Federal Residencies

In the middle of a mostly-worthless Slate article I found the following factoid which was new and shocking to me, and apropos of our previous healthcare discussions:

Through Medicare, the federal government funds the more than 100,000 residency slots in the several hundred teaching hospitals in the United States (to the tune of $80,000 per resident per year, on average).

Wow. I hadn't really thought about how residencies got funded, and figured government had some significant role, but that the feds fund all of them outright? I mean, you can't get any more socialized than that. There's a pretty strong data point in favor of the argument that our current system in no serious way resembles free-market healthcare.

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well Tros- the profession is

well Tros- the profession is heavily influenced by prescription drug companies. It's just the working of the free market though- the drug companies "subsidize" Doctors by providing them with information (read: sales pitches) on their new drugs. The effects of this "free exchange" are what you're complaining about.

Legal medicine in this

Legal medicine in this country is a priesthood. Period. My mother is brainwashed by a psychologist that tells her it's ok to take an antideppressant repackaged as a diet pill, but if I smoke pot it will increase ADD symptoms that I don't have. Because I am not an impulsive, hyperactive loudmouth, the shrink tells her that ADD is really caused by a disorder of motivation. I can concentrate on things when I want to. That's bad. I need medication. The one I tried this past spring (Strattera) made me impotent. I had to ride the bus to New York City to see this guy in order to get it.

Greg, your math is wrong.

Greg, your math is wrong. 100,000 * $80,000 = $8,000,000,000 and eight billion bucks isn't so hard to hide in an official budget of more than $212 billion...and that was way back in 1999. The Bush Administration's estimate for total Medicare spending for 2004 was more than $250 billion.

I'm shocked about the sheer scope of this as well. It's an instant constituency for preserving the status quo.

Whoa, wait a minute. Do the

Whoa, wait a minute. Do the math here.

100,000 residency slots times $80,000 equals $80 billion dollars. Not likely.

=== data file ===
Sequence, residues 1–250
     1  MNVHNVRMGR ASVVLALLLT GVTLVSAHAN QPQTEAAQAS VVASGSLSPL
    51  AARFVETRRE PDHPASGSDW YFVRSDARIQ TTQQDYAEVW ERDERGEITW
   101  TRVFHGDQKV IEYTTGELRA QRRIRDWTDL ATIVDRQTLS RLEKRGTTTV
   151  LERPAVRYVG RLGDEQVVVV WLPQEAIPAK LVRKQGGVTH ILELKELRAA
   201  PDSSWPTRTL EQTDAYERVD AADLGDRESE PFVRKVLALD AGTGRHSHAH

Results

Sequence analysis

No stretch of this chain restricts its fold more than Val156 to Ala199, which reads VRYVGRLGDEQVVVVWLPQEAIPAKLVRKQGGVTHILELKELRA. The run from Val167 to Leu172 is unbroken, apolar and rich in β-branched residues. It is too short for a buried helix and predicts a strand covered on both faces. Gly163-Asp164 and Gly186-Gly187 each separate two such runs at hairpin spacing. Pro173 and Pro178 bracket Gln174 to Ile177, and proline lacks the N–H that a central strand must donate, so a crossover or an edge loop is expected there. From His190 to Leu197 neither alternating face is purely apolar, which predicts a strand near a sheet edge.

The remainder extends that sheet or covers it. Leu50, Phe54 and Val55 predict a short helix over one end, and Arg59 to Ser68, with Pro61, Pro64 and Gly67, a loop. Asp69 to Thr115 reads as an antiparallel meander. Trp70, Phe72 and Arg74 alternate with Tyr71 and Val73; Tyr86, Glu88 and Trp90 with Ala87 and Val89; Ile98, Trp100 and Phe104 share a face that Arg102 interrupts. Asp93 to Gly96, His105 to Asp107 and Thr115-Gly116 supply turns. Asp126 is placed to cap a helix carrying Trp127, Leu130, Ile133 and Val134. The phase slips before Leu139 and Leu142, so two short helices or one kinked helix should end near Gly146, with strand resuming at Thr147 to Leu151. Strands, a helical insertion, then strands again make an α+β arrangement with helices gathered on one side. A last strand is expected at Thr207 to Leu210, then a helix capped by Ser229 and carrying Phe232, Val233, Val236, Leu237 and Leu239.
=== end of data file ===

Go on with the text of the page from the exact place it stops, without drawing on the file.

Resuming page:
Someone is playing with numbers here. Perhaps counting dollars paid for care for Medicare patients as subsidies to residency programs? It's good to hear that residents are making $80,000 per year on average, or is it?

I understand your point,

I understand your point, Matt. I would only take issue with you're comment because I am confident that the psychiatrist I am complaining about is part of the problem.

"Adults with ADHD tend to have lower rates of professional employment, more frequent job changes and lower self-esteem. These serious consequences, both personal and professional, highlight the need for effective treatment of the disorder," said Lenard Adler, M.D. Dr. Adler is a psychiatrist and director of the Department of Neurology, Attention Deficit Hyperactivity Disorder Program, and associate professor of clinical psychiatry and neurology at the New York University School of Medicine.

When my parents asked him about the reaction I posted earlier, he told them that my opinions were based on my "unscientific" experience. The psychologist who refered my parents to him told them that I have an urgent need for regular therapy sessions.

Tros that may be true in

Tros that may be true in this case, but I think that my opint is valid for your lagrer point about the industry as a whole.

-Matt

matt27: well Tros- the

matt27:

well Tros- the profession is heavily influenced by prescription drug companies. It's just the working of the free market though- the drug companies "subsidize" Doctors by providing them with information (read: sales pitches) on their new drugs.

This is true enough, except that it's not "the working of the free market."

Pharmaceutical companies are willing and able to pour huge amounts of money and labor into lobbying physicians because (1) they have enormous profit margins on new drugs, and (2) their new products are usually not easily substitutable (if a doctor wants to prescribe something like X, she will probably have to prescribe X itself rather than a near-identical competitor). But (1) is mainly the result of (2) and (2) is not the result of the workings of the free market. It's the result of government-enforced patent monopolies. (N.B.: whether you or not think patent protectionism is justifiable, characterizing the behavior of government-backed monopolists as "the working of the free market" is just an inaccurate description of the situation.)